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Letter: On media bias

Ghanaian Proverb: “One lie can destroy a thousand truths.”

There is a difference between media bias and outright inaccurate/fabricated or misleading information (propaganda). Media bias can help sway people’s social or political leaning. The latter can tear a country apart.

There are companies that rate media bias that are available on the internet. You can review their methods, and compare their reports. Their criteria and terms differ, but they use a wide range of analysts and methods and different political and social leanings. They include AdFontesMedia.com, Mediabaisfactcheck.com and Allsides.com. Adfontes’ chart form illustrates degree of bias, providing more categories. Some companies lump all types of programs together when rating one media source. Others separate news from opinion articles, rating each category separately. Ratings vary accordingly.



With more than 1,400 media sources, not all are listed or monitored, but one can search for non-listed sources. For most straightforward reporting, terms are “least bias, center, middle, fact reporting.”

Most media outlets will have articles or programs that are both to the left or right. Leaning right or leaning left doesn’t mean the reporting is not good or accurate. Just like center or middle doesn’t mean the reporting is the best. One can identify extreme bias or misleading information when noticing the use of name calling or dehumanization, or the article appears to be hyperpartisan.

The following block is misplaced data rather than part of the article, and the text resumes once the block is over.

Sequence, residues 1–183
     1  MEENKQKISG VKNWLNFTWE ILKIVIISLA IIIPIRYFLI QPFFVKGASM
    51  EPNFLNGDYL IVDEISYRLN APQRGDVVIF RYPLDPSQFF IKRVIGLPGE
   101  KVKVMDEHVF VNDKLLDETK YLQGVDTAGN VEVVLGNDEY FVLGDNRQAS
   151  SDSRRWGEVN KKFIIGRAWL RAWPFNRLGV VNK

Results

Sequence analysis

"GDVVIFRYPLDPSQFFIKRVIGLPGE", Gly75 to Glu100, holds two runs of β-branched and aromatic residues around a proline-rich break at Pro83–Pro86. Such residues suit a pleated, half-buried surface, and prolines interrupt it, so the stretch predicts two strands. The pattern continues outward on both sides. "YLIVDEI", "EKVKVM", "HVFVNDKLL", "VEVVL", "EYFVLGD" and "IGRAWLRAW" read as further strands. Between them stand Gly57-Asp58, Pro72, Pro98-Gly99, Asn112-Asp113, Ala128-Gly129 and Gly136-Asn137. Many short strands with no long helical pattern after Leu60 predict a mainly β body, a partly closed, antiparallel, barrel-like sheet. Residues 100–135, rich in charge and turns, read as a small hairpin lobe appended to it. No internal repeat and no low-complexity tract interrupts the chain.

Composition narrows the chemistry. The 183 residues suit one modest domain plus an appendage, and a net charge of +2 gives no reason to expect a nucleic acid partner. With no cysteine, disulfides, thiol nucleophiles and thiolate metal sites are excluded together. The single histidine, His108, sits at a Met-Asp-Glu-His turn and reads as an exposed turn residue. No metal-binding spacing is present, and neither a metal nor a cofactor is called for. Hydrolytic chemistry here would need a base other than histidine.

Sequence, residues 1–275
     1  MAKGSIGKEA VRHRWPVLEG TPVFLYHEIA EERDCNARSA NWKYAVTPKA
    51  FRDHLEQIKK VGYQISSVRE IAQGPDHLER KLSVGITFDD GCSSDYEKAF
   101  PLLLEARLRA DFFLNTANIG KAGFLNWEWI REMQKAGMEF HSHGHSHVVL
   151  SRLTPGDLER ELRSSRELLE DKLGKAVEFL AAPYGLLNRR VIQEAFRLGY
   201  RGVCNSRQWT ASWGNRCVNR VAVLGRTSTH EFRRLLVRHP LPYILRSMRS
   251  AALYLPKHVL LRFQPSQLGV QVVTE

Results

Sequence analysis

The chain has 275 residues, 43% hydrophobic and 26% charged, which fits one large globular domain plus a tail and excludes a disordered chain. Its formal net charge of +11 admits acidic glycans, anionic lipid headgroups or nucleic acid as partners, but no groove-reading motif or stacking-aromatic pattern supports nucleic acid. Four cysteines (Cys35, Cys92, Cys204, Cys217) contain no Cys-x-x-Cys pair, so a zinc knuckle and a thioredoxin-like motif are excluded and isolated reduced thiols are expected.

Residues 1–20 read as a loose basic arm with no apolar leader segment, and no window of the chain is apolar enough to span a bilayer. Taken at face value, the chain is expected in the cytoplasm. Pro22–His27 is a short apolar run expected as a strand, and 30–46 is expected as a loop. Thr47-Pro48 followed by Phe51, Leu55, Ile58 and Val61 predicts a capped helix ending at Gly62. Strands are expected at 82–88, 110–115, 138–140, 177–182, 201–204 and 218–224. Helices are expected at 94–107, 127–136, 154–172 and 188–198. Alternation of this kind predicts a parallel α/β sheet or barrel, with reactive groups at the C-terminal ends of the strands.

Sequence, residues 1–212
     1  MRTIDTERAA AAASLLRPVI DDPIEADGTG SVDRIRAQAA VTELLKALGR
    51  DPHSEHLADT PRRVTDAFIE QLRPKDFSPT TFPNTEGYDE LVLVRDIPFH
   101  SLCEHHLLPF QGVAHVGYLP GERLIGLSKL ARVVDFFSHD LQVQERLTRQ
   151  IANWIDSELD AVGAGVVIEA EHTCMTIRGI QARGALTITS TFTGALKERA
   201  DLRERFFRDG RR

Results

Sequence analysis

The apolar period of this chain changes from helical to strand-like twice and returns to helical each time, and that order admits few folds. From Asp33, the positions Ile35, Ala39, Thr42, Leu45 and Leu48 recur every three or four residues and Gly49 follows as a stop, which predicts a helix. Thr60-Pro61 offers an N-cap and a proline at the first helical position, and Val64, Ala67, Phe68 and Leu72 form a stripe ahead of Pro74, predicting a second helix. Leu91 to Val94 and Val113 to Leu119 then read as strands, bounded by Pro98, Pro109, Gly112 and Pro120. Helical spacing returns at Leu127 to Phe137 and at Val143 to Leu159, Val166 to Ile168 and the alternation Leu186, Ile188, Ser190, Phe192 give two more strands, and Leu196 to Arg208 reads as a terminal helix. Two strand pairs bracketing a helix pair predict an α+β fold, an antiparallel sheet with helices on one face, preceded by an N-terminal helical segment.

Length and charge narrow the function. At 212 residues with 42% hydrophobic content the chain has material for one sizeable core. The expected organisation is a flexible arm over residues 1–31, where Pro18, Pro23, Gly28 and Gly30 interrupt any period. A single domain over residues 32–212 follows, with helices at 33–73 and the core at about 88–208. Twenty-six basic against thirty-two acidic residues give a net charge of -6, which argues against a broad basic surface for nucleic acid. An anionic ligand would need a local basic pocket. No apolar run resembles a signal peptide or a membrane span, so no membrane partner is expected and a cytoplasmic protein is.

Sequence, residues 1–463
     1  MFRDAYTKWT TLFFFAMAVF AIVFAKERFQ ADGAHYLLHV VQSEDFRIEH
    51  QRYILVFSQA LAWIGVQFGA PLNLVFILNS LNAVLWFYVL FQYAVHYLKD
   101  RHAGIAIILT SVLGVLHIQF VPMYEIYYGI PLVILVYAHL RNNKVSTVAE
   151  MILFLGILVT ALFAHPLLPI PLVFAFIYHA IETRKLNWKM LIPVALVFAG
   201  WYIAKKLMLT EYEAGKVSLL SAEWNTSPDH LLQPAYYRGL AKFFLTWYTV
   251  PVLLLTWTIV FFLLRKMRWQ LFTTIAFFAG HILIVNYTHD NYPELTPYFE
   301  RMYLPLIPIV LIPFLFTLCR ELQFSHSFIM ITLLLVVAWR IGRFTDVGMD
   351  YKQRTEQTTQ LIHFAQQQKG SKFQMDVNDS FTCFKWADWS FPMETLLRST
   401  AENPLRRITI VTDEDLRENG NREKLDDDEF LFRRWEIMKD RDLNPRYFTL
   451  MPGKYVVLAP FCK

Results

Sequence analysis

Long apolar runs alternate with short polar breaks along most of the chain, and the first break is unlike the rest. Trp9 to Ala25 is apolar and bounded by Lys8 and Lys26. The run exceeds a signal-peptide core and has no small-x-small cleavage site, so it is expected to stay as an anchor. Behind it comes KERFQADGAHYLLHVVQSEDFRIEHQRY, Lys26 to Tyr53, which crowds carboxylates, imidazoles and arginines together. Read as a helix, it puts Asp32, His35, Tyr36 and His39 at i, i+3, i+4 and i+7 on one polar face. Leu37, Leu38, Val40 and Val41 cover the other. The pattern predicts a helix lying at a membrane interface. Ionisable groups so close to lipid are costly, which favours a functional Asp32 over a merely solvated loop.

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Listening to and reading a variety of news outlets and fact-checking possibly can help reduce misunderstanding and partisanship. Some outlets that are considered fact-based reporting by at least two rating companies include: The Associated Press (AP), Reuters, UPI, Axios, NPR, The Hill, BBC, USA Today, CBS, CNBC, ABC, Christian Science Monitor, PBS News Hour, Wall Street Journal (news only). When doubting a report, go to FactCheck.org or PolitiFact.com for accuracy.

Cheryl Moskal

Denver and Vail


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